Royals trade Saberhagen for McReynolds, Jefferies Mets end meetings with a blockbuster

December 12, 1991|By Ken Rosenthal and Peter Schmuck | Ken Rosenthal and Peter Schmuck,Sun Staff Correspondents

MIAMI BEACH, Fla. -- The winter meetings were drawing to a sleepy close last night when the New York Mets and Kansas City Royals shook the baseball world wide-awake.

The Mets, continuing their dramatic restructuring, acquired two-time Cy Young Award winner Bret Saberhagen and infielder Bill Pecota for outfielder Kevin McReynolds and infielders Keith Miller and Gregg Jefferies.

The last in a series of deals consummated on the final full day of meetings at the Fontainebleau Resort rivals last year's trade between San Diego and Toronto -- Joe Carter and Roberto Alomar for Fred McGriffand Tony Fernandez -- as the biggest blockbuster in recent memory.

"I'm sure other deals in Mets history have been major," Mets vice-president Al Harazin said. "But I'm not sure there's one that involves as many quality players as this."

The Mets already had signed free agents Bobby Bonilla and Eddie Murray this off-season, and the acquisition of Saberhagen will strengthen a rotation that includes David Cone, Sid Fernandez and possibly Dwight Gooden, who is coming off rotator-cuff surgery.

"We're all terribly hopeful Dwight's going to be back and pitching Opening Day," Harazin said. "But right now we don't have one No. 1 pitcher, we have two."

The Royals, meanwhile, managed to improve without trading Kevin Appier and Tom Gordon, their coveted young starters. In addition to those two, their rotation still includes Mike Boddicker, Luis Aquino and Mark Gubicza.

Saberhagen was 13-8 for Kansas City last season with a 3.07 ERA. A 19th-round draft pick of the Royals in 1982, he pitched the first no-hitter of his career on Aug. 26 against the Chicago White Sox.

Asked how Royals fans will react to losing their ace, general manager Herk Robinson said: "I think the people of Kansas City are more concerned about winning than anything else. We have finished in sixth place the last two years. That's not good enough. It doesn't mean a thing."

Earlier yesterday, the San Francisco Giants apparently ran out of patience with power-hitting outfielder Kevin Mitchell, who was traded along with left-hander Mike Remlinger to the Seattle Mariners for pitchers Bill Swift, Mike Jackson and Dave Burba.

Mitchell, 29, averaged 36 home runs the past three seasons and is considered one of the most dangerous hitters in the game, but his relationship with the Giants steadily deteriorated after he became an instant superstar with a major-league-leading 47 home runs in 1989.

Club officials presented the trade as a bold attempt to solidify a pitching staff that tied for last in the league in combined ERA last year, but the Giants have to be happy to be free of Mitchell, his $3.75 million annual salary and a series of legal entanglements that had become embarrassing to the club.

Mitchell recently was accused of rape in San Diego, but no formal charges were brought. It was not the first time he had been in trouble with the police -- or with the club -- but the Giants chose to emphasize his accomplishments during yesterday's post-trade news conference.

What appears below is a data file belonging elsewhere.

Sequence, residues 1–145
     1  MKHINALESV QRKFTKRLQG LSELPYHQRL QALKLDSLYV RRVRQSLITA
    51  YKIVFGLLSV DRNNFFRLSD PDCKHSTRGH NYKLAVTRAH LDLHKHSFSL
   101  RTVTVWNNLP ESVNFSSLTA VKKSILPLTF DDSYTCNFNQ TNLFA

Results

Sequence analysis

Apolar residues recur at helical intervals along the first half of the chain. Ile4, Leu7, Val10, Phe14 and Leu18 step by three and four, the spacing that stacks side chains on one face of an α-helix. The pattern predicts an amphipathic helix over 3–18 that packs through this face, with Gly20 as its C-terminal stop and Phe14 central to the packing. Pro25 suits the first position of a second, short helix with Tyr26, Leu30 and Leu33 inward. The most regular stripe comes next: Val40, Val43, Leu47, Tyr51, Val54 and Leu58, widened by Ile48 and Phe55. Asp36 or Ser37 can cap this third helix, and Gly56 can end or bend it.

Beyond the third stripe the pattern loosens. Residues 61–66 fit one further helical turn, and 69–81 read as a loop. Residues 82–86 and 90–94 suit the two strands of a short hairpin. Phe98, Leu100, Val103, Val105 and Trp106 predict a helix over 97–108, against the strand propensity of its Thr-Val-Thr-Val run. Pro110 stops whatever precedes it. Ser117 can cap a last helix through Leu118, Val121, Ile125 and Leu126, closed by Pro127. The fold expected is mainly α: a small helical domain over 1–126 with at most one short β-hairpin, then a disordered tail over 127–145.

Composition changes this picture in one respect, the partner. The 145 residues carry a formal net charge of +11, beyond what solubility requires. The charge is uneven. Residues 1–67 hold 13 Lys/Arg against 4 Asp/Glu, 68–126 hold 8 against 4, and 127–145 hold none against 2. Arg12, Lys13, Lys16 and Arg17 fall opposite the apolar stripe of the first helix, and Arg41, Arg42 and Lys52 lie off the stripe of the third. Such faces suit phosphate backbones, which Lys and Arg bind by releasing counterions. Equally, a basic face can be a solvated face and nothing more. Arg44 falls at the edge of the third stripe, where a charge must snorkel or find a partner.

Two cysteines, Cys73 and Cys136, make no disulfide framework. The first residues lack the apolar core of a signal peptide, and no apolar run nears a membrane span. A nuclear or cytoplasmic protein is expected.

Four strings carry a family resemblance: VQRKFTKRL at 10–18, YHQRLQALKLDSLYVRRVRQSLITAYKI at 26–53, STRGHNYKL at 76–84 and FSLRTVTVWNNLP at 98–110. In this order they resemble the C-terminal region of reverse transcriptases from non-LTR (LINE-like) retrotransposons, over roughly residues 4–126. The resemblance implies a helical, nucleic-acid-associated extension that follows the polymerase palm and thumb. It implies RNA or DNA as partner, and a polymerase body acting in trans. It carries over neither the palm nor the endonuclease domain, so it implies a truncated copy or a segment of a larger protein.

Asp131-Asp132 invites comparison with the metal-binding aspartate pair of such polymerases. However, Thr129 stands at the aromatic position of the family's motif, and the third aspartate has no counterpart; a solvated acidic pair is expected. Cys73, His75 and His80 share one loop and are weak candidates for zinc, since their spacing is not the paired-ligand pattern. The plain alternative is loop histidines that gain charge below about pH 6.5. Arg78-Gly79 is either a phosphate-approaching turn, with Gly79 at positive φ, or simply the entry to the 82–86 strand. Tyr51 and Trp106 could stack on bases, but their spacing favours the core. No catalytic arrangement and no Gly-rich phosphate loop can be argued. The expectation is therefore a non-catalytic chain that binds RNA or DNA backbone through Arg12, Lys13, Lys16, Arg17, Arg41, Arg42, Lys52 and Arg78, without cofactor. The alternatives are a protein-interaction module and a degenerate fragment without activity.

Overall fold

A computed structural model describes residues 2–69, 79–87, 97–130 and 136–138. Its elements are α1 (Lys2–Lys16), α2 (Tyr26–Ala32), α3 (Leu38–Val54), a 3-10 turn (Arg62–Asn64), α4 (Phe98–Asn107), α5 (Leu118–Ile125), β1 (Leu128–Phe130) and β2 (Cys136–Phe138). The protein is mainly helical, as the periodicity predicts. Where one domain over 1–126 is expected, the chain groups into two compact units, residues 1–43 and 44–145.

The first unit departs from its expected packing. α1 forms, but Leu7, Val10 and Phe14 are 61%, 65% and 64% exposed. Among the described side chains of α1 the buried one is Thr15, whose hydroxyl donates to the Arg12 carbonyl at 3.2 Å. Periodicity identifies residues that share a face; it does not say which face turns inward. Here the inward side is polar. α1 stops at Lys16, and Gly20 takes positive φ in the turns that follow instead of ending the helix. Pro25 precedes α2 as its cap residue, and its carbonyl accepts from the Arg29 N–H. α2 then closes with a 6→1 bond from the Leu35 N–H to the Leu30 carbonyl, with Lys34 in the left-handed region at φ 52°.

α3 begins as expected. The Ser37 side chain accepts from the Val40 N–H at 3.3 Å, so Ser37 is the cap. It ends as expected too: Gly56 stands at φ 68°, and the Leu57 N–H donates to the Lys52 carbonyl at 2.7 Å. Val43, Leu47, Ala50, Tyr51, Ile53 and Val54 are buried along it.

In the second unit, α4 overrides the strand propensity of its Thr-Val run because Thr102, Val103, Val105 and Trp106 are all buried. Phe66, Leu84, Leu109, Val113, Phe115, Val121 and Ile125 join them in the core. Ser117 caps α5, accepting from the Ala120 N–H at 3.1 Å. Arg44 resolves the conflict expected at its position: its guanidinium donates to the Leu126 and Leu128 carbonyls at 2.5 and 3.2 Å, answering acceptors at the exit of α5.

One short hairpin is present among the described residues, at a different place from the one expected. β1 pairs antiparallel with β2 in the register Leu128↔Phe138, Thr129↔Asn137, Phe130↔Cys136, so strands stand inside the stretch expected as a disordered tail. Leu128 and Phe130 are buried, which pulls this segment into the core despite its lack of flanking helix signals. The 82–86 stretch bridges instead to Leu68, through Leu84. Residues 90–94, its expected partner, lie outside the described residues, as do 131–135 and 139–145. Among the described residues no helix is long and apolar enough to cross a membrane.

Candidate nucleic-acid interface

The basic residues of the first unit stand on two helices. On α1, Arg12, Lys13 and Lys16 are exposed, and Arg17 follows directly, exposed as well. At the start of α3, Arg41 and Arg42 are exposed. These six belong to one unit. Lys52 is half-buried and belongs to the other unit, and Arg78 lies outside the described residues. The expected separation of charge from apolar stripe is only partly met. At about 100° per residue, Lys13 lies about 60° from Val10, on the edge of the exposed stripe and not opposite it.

"Kevin did an excellent job for us in his 3 1/2 years as a Giant," general manager Al Rosen said. "I'm sure he will be an outstanding hitter for the Mariners. It's tough to break up a three-four-five combination like we've had the past couple of seasons [along with Matt Williams and Will Clark], but we needed to improve our pitching, and we felt this was a way to accomplish that goal."

Mitchell batted .256 with 27 homers and 69 RBI in 1991. His playing time was diminished by a knee injury. He hit 35 homers in 1990 after his breakthrough season the year before.

Swift, 30, and Jackson, 26, were the heart of the Mariners bullpen, which ranked fifth in the American League with 48 saves despite an injury that held stopper Mike Schooler to 34 innings. Swift appeared in 71 games, finishing with a 1-2 record, 1.99 ERA and a club-leading 17 saves. Jackson was 7-7 with a 3.25 ERA and 14 saves. Burba, 25, split time between the Mariners and the Class AAA Calgary Cannons.

The Giants also gave up Remlinger, a 25-year-old left-hander who was the club's top draft choice in 1987.

More trades were soon to follow. The Cincinnati Reds and Montreal Expos completed a five-player deal in which outfielder Dave Martinez, left-handed pitcher Scott Ruskin and infield prospect Willie Greene went to the Reds for pitchers John Wetteland and Bill Risley.

The Dodgers made a pair of deals in less than 24 hours, acquiring pitcher Rudy Seanez from the Cleveland Indians late Tuesday night and picking up journeyman first baseman Todd Benzinger from the Kansas City Royals yesterday for Chris Gwynn and Domingo Mota.

The Milwaukee Brewers and Philadelphia Phillies also pulled off a morning deal, the Brewers sending infielder Dale Sveum to Philadelphia for pitcher Bruce Ruffin. The Baltimore Orioles expressed interest in Ruffin during the regular season, but apparently did not pursue him this week.

Trades galore

Yesterday's biggest trades at the winter meetings:

* The Orioles traded C Bob Melvin to the Royals for P Storm Davis.

* The Royals traded P Bret Saberhagen and IF Bill Pecota to the Mets for OF Kevin McReynolds, IF Gregg Jefferies and IF-OF Keith Miller.

* The Giants traded OF Kevin Mitchell and P Mike Remlinger to the Mariners for P Bill Swift, P Mike Jackson and P Dave Burba.

* The Expos traded OF Dave Martinez, P Scott Ruskin and IF Willie Greene to the Reds for P John Wetteland and P Bill Risley.

* The Dodgers traded OF Chris Gywnn and IF-OF Domingo Mota to the Royals for 1B Todd Benzinger.

* The Phillies traded P Bruce Ruffin to the Brewers for IF Dale Sveum.

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